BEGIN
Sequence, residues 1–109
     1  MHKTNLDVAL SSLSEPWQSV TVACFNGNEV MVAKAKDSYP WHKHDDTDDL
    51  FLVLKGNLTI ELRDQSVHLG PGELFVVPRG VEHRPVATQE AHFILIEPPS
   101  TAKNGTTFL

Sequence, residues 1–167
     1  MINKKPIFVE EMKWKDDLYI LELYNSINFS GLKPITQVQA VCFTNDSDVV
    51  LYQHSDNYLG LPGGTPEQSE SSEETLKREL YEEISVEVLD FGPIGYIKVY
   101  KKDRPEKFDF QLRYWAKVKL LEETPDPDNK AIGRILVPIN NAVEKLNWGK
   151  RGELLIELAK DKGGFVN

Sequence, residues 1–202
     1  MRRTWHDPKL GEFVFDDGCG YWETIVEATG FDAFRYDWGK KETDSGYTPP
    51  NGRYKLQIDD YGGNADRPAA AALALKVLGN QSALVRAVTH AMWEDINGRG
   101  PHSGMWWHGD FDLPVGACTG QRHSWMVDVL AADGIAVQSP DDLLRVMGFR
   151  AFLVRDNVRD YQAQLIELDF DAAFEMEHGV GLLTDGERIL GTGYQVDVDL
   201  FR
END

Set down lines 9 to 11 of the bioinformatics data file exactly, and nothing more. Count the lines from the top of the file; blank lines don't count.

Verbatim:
   151  RGELLIELAK DKGGFVN

Sequence, residues 1–202
     1  MRRTWHDPKL GEFVFDDGCG YWETIVEATG FDAFRYDWGK KETDSGYTPP